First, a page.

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Attractive Technique

post #1 of 3
Thread Starter 
Hi All,
I'm a level 1, teaching for 11 years, maybe trying for level 2 this year (second try). My first try, the shop mixed up my skis and I was on 181s instead of my 174s, and I didn't notice (a mind is a terrible thing to lose).
I have an adult gal (student) who grew up cross country, and is self taught downhill, skiing a lot for 13 years. She is very proficent with a survival technique.
She does short, swing/skidded turns with her hands at her sides. There was little upper/lower body separation. I was a bit confused where to start, but figured turning starts at the feet. We worked on weight transfer and rounding out turns. Also, hand position and looking downhill.
She has 5 more weeks, and I'm wondering what ideas y'all have to integrate modern technique into her style. I think getting her to start edging and varying turn shape is a good start. There is just so much doing on here, I'm a bit overwhelmed.
post #2 of 3
sonny6, welcome to EpicSki! You'll find a lot of good insights here.

Have you reviewed the stepping stones in the latest Alpine Manual? That's definitely a good place to start.

How comfortable is she on green terrain? A couple drills to consider:

carved uphill arc and RR track turns (to get a sense of using the edge and sidecut).
sideslip to stop (to get a sense of adjusting the edge angle and controlling the slip, plus balance).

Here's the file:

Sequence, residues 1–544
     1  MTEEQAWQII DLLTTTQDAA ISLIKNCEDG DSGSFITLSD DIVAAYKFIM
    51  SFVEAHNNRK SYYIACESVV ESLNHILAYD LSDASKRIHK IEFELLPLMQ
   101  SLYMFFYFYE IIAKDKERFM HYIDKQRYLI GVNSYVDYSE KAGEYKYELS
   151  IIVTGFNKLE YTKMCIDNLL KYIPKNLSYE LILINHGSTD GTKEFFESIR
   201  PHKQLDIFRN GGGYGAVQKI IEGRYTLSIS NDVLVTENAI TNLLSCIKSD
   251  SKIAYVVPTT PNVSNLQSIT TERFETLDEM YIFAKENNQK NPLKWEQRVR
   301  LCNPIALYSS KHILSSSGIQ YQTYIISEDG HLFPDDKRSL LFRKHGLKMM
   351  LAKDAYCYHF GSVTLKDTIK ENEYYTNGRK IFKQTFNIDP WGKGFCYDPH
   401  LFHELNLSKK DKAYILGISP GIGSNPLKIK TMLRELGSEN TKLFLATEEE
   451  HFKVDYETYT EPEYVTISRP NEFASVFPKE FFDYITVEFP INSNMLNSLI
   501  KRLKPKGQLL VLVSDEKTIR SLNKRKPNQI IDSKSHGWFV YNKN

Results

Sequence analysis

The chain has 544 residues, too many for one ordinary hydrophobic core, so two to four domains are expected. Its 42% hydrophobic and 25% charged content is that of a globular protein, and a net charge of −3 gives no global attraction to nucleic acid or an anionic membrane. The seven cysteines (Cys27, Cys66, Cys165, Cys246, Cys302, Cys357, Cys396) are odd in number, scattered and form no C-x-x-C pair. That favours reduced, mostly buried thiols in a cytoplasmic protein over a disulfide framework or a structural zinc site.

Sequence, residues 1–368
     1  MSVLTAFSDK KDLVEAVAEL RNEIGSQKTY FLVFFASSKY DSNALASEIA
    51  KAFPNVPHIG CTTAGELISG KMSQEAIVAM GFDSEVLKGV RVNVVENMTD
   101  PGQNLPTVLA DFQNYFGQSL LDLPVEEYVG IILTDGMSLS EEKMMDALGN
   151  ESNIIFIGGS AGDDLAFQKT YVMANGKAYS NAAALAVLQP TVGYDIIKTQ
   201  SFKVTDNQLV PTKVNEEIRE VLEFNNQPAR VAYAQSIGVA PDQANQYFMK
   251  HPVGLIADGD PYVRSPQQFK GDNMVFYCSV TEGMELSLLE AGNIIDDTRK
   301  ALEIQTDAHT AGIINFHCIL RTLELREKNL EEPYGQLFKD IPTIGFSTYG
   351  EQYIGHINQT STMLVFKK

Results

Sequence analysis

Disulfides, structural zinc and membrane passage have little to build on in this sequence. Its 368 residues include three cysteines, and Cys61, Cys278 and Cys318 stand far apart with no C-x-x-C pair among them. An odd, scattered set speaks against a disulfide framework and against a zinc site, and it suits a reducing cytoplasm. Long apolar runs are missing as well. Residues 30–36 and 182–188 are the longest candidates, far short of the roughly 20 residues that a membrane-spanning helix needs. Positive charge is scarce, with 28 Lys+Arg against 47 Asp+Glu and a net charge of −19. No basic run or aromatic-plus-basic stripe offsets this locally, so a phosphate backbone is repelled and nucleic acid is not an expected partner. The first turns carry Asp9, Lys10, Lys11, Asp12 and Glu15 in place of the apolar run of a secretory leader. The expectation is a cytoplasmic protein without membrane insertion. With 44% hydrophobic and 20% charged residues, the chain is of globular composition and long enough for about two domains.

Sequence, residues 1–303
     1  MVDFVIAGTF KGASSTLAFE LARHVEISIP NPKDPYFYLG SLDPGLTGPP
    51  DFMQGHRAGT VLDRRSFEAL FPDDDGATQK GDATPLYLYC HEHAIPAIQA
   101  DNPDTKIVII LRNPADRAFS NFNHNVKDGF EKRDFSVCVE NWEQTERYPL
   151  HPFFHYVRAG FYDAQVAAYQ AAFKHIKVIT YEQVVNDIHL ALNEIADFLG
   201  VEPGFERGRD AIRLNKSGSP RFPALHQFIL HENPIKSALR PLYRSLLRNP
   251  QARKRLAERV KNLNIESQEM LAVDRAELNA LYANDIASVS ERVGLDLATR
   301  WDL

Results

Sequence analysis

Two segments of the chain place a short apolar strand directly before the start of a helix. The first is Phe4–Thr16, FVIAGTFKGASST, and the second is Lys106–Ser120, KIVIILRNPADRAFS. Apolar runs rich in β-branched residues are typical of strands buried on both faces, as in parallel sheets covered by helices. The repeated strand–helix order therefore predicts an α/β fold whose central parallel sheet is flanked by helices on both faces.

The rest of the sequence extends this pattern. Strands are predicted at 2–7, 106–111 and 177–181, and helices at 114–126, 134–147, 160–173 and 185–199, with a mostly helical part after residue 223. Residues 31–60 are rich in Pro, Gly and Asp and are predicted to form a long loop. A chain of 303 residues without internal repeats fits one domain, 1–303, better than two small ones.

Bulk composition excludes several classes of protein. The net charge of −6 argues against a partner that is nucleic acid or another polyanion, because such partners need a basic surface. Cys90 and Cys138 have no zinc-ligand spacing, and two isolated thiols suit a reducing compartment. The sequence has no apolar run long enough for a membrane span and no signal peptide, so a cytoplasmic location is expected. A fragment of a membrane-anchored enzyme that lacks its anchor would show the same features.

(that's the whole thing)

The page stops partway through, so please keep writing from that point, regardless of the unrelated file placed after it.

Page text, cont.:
There are also other things that I'd move towards if she's comfortable on groomed blues, but with what you've posted here, it seems like she's probably not. I wouldn't worry at all about the hands at this point.
post #3 of 3
As Steve points out, your gal needs to develop a feel for letting the ski do the work. That's using edge and pressuring adjustments so that the skis turn her rather than her turning the skis through strong muscular activity. You are correct to start at the feet and the edge riding Steve describes on shallower slopes will help. It takes a while to switch from pushing skis around to letting them carry you, and it's best learned on slopes that don't require a lot of speed control. Focus on progressively edging both skis. Fan the uphill christies (make the beginning traverses closer and closer to the fall line), and make sure only ankle movements and whatever's required for balance are being made.
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